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From A to Z: How to reinvent education

By Emily Pauker


With the 2008 presidential election approaching quickly, education has returned as an issue on the minds of many Americans, from educators, to parents and college students.


All of the major candidates have addressed education in some way; former New York senator and former first lady Hillary Clinton, former North Carolina Senator John Edwards, former Illinois Senator Barack Obama, former Arizona Senator John McCain, former New York Mayor Rudy Giuliani and former Massachusetts Governor Mitt Romney. For instance, on Obama and Clinton’s web-sites they have entire links that go to education.


In general, Democrats have addressed issues of teachers, funding higher education, and early childhood education, and Republicans have generally addressed issues of vouchers or school choice. However, even in the cases where Democrats or Republicans have not directly addressed an issue they may have criticized the other party’s position on an issue and thus indirectly commented on an issue. And both parties have commented on No Child Left Behind legislation, virtually all candidates agreeing that it needs an overhaul.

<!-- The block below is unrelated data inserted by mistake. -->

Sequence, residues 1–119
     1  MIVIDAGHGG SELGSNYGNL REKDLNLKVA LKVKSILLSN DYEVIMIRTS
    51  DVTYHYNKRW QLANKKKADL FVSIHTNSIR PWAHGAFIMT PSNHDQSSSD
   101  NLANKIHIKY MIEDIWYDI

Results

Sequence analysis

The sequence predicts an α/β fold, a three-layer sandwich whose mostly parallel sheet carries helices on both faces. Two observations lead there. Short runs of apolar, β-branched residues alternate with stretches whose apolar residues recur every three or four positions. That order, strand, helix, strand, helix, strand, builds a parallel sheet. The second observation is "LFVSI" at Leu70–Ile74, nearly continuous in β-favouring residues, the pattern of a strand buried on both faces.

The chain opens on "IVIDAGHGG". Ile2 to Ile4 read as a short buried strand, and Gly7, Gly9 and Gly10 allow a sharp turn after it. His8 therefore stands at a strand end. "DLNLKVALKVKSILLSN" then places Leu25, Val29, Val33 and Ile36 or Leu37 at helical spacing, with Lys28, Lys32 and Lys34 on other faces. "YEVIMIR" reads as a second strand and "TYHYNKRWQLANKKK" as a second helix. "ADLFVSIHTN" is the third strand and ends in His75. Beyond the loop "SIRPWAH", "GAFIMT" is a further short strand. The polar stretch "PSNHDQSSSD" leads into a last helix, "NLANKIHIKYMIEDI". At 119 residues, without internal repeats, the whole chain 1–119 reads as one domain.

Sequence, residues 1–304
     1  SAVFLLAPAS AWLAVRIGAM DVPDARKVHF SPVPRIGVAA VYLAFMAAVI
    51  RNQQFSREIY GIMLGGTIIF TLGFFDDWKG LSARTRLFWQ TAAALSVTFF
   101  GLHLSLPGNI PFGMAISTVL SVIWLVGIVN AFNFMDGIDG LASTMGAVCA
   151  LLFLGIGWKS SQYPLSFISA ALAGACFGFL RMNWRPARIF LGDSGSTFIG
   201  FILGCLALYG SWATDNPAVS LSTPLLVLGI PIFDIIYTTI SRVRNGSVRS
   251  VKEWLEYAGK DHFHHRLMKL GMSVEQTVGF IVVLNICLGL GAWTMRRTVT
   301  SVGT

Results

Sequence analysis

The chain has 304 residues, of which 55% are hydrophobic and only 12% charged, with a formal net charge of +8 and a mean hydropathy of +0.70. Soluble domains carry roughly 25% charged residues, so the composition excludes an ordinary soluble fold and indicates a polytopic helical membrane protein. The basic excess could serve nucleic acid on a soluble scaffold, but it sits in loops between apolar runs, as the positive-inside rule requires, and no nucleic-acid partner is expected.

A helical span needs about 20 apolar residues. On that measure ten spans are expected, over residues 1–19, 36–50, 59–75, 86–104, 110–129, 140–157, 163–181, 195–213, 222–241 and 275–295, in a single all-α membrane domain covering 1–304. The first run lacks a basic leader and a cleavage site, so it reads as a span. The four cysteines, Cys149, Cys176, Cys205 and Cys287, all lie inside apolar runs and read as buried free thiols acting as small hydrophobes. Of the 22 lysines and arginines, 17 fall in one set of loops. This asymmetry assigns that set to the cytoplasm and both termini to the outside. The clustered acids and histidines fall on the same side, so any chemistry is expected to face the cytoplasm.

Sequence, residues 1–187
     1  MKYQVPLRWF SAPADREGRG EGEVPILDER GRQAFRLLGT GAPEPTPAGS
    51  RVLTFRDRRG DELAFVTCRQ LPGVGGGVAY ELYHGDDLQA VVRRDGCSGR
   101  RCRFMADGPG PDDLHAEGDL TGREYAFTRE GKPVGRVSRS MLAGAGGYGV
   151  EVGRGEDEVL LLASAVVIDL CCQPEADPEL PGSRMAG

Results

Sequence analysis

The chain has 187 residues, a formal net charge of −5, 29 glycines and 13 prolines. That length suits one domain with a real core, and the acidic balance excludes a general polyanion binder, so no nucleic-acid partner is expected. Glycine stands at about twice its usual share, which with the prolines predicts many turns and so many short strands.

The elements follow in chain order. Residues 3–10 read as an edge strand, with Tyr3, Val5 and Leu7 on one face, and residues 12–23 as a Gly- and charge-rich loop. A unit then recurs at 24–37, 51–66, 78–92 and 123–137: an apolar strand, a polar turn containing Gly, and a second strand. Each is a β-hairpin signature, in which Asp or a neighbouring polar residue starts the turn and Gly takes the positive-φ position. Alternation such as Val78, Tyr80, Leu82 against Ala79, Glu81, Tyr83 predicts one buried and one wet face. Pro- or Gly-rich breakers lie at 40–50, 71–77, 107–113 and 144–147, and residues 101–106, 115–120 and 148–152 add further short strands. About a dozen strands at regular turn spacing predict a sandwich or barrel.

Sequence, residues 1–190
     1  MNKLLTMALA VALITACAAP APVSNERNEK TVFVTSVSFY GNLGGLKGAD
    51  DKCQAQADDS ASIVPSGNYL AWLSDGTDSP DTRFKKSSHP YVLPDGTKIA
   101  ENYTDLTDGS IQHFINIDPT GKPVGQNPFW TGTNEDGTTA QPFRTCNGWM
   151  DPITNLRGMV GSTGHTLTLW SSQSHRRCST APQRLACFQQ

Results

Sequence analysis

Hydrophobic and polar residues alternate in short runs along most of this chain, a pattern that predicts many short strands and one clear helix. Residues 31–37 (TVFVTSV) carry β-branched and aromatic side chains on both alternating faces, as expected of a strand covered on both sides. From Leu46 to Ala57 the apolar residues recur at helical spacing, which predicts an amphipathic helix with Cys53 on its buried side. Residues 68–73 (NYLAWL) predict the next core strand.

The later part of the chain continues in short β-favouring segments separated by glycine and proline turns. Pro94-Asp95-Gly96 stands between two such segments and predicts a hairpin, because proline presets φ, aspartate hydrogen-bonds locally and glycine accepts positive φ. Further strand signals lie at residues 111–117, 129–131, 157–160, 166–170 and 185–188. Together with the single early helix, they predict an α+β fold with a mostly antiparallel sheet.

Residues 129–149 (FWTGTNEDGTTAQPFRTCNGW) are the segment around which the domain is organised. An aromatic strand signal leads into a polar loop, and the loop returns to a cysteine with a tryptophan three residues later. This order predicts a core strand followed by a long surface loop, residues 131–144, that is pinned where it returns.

In the chart below these education issues are examined so that their positions during the campaign are given. However, if a candidate has not explicitly addressed an issue their past record may be listed if relevant.


Click on the graphic to cycle through the candidates' stances on five different topics in education.



Sources: The State (Columbia, S.C.), States News Service, Gannett News Service, The Washington Post,, transcripts from the MTV/MySpace debate, transcript from the PBS debate, transcript from the YouTube Debates, transcripts of speeches at Plymouth state from, transcripts of speeches from, The New York Times, The Los Angeles Times, Newsday, the Detroit News, Detroit Free Press, The Des Moines Register, Targeted News Service, Associated Press, San Jose Mercury News, The Boston Globe, Union Leader (Manchester, N.H.), New York Post, CNN Republican Debate on June 5, 2007, The Hotline, The Economist